I appreciate the distinction made by yourself and Ms. Musk. Outliers; those one-in-a-million geniuses (literally), people who have extraordinary vision, obsession, and creativity, are not the norm. They do not exist in the world where drive, determination, serendipity, and effort sometimes pays off with success.
(I am hoping that Lin-Manuel Miranda, who is proving himself worthy of wearing the mantle of Steven Sondheim, Richard Rogers, Andrew Lloyd Weber, et al lives a fairly normal long, happy, creative, and wildly successful life. A dash of normal doesn’t hurt. Witness Tom Hanks.)
I tell my students that comparing oneself to anyone is an instant loss, both because that other person may have skills you don’t yet possess and because comparisons signal a lack of belief in yourself. Beyond that, making a comparison to Elon, Steve, Richard, or Robin is completely lunatic. If a person were the next Oprah, Einstein, or Steve, you can be fairly certain he or she would not be making any comparisons of that kind.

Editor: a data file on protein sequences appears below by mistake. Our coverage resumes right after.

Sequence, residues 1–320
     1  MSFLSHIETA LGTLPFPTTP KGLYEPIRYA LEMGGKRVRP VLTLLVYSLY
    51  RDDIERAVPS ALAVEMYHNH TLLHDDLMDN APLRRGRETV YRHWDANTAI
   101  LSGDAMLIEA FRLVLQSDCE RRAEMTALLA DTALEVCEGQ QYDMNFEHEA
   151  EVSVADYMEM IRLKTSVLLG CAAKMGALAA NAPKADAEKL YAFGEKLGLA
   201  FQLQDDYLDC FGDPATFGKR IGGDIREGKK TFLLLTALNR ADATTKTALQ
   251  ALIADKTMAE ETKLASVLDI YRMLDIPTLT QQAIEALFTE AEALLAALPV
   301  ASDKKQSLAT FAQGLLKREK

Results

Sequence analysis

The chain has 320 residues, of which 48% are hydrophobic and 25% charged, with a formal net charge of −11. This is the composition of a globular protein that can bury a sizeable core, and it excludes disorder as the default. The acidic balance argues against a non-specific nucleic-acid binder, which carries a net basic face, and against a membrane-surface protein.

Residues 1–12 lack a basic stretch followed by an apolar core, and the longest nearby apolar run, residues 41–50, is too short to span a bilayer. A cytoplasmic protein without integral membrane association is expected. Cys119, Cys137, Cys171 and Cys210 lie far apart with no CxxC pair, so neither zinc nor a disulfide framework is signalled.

The question then becomes, to what extent can a person in the middle of the Bell Curve of Humanity aspire, evolve, and achieve at his or her highest possible level. That realm is where columns like this one, TED Talks, personal growth videos by Prince EA , and presentations by Werner Erhard, Alain de Botton or Mel Robbins can provide impetus and motivation. Whatever it takes to keep you on your personal path, crunching through the underbrush, and clambering the rocky outcroppings must count as a tool for the journey.